Smit is in the doctorate program of pharmacy (PharmD) at The Ohio State University, graduating in 2021. He completed Ohio Innovation Fund’s Venture Boot Camp in winter 2019. Here’s what he thought of the experience: 

What encouraged you to complete the Venture Boot Camp with OIF? 

I am a firm believer that vertical innovation is cardinal to moving a generation forward! Knowledge drives innovation, innovation drives productivity, productivity drives growth, and growth drives change. Having worked in 7+ different fields of healthcare, I have lately been fascinated by innovation and access to healthcare, how startups are funded, and how innovations are priced. 

I am captivated by how innovations break the current tradition and change the way we think, work, and live. I wanted to understand the ins-and-outs of venture capital, which is the fuel to innovation and driving change. What motivated me was access to the entire world of VC in just one week.  

Coming from a non-venture background, what surprised you the most about venture capital? 

The difference in process was surprising. As a medical professional, we follow rules and guidelines in a structured pattern. For example, if a patient is not well, we follow stepwise clinical routes for diagnosis/treatment, which are backed by clinical literature data that showed benefit. 

Venture capital was a fresh breath of breaking into a mystery. There is certainly a process, but every VC works differently. They have a spoonful of strategic analysis and experience, but a handful of belief in the entrepreneurs and their vision. Because at the end of the day, both are on the same path of turning innovation into a valuable asset that drives change.

What was the most valuable exercise of the Venture Boot Camp? 

I would do an injustice if I could paint just one valuable exercise, as many parts of Venture Boot Camp were fountains of incredible learning. From diligence reporting to forecast modeling, value proposition and investment review, market competitor analysis, financial analysis and deal flow, and creating presenting a pitch, I think every exercise was a learning curve – and believe it, everything in one week!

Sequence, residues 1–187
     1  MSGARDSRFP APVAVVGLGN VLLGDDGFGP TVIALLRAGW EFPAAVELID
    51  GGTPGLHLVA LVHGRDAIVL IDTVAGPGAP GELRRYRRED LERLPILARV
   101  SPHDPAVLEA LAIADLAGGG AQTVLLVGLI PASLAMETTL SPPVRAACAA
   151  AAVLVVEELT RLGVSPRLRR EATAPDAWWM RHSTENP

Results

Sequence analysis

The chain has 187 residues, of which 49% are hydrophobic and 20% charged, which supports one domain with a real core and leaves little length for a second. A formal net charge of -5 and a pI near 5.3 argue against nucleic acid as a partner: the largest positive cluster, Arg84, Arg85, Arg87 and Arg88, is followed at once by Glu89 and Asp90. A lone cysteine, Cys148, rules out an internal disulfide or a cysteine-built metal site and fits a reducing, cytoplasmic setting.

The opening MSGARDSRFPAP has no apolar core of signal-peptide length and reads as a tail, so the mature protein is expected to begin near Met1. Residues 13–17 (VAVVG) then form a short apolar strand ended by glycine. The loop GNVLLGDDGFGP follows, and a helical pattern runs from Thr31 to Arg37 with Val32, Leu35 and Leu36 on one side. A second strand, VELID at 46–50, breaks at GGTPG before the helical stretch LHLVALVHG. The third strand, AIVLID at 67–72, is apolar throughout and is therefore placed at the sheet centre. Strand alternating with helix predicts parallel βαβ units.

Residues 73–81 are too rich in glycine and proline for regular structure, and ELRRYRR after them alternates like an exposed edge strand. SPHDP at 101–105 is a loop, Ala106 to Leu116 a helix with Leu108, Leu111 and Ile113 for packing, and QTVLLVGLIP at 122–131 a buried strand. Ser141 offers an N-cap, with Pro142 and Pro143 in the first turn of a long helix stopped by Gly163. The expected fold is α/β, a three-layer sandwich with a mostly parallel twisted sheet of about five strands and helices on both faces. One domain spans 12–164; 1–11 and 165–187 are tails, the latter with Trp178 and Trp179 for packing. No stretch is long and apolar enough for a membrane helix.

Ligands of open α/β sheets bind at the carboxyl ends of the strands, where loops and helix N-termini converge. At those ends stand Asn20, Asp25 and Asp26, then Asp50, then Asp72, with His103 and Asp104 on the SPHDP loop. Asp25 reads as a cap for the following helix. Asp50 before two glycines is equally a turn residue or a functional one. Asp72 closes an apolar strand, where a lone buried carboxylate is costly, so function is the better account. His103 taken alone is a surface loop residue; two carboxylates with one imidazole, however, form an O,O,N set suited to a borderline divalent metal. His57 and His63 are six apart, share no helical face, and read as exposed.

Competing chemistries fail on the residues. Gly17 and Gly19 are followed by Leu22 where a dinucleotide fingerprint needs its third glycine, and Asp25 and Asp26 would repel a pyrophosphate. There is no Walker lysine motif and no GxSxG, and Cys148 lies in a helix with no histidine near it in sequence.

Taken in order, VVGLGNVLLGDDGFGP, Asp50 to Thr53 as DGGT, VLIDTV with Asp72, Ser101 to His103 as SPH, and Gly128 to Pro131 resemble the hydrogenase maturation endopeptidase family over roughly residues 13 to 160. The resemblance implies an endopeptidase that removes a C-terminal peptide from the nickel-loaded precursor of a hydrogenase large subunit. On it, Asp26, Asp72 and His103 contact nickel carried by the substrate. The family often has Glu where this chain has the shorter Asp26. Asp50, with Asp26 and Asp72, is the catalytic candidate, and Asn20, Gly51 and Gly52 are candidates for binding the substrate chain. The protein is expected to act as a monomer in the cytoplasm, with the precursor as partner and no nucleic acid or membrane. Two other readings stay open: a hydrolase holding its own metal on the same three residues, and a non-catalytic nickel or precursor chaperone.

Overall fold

Something that truly made Venture Boot Camp valuable was that I worked on two potential investments and completed venture analysis for real, ongoing deals: a medtech and SaaS-based pharmacy company. It is such a rare opportunity to work on real deals and also see through the lens of how VCs feel and make decisions. 

Who would you recommend to complete the Venture Boot Camp? 

I would highly recommend VBC experience to ‘any’ student who is curious to learn more about VCs, innovation, or just trying to get the feel of how VCs function. The fact that a student can get a great picture of VC within a week living in the Midwest is a surreal, once-in-a-lifetime opportunity. Don’t underestimate or miss it. 

Any advice going in? 

Be wildly curious! 2020 is the start of a decade full of exciting possibilities and groundbreaking advancements. There are so many incredible opportunities in VC, and the best place to start is with OIF’s Venture Boot Camp. Not knowing anything about VC is completely okay because that will allow you to fill your learning cup even more. Oh, and ask great questions to Bill Bamuel and Faith Voinovich, some of the best mentors and resources you will find!

Do you see venture/entrepreneurship fitting into your future career? If so, how? Did Venture Boot Camp change your perspective on this? 

I definitely see myself in the field in the near future. Working with a HealthTech startup, completing OIF’s venture experience, and being born to a family of passionate entrepreneurs who inspire me regularly all play a part in that. I am way too curious, creative, and rebellious (in a good way) to fit into the “traditional pharmacist” role. I am constantly looking for projects and opportunities to bring innovative solutions to current challenges in healthcare.  

OIF’s Venture Boot Camp definitely gave me a reality check about working with VCs: it is not as daunting or hard as it sounds! Coming from a medical background, I walked in on the first day with that belief that I am too scared or not smart enough to be sitting in that room. 

Guess what? At the end of the week, I pitched a venture analysis for two potential investments, and now, I am quite sound with VC terminologies and can speak their language. Not only that, but I realized that with my medical background, I was able to bring a unique set of perspectives to the team, which very few people in the room thought about. Venture Boot Camp gave a good outlook about VCs and the confidence for considering it as a career opportunity in near future.